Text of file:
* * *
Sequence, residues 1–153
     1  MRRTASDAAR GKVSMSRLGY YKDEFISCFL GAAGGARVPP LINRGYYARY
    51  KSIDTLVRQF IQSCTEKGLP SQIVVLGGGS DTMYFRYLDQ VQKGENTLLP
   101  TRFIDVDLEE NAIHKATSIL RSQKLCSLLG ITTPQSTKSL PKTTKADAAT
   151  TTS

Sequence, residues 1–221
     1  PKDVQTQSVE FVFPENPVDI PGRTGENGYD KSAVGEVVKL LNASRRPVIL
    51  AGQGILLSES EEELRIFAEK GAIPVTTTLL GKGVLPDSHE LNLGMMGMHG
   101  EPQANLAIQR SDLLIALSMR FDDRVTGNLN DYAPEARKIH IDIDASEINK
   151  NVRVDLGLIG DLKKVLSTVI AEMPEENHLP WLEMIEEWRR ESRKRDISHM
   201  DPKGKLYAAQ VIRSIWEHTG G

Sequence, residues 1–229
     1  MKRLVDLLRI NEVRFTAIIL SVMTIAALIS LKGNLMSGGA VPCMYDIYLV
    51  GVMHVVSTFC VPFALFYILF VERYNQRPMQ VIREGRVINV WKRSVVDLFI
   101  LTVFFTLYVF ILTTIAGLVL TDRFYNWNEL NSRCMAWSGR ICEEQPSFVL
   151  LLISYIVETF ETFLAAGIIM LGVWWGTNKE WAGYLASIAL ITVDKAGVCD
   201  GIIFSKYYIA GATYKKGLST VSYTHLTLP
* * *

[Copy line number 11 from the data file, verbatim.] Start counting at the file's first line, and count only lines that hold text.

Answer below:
   201  DPKGKLYAAQ VIRSIWEHTG G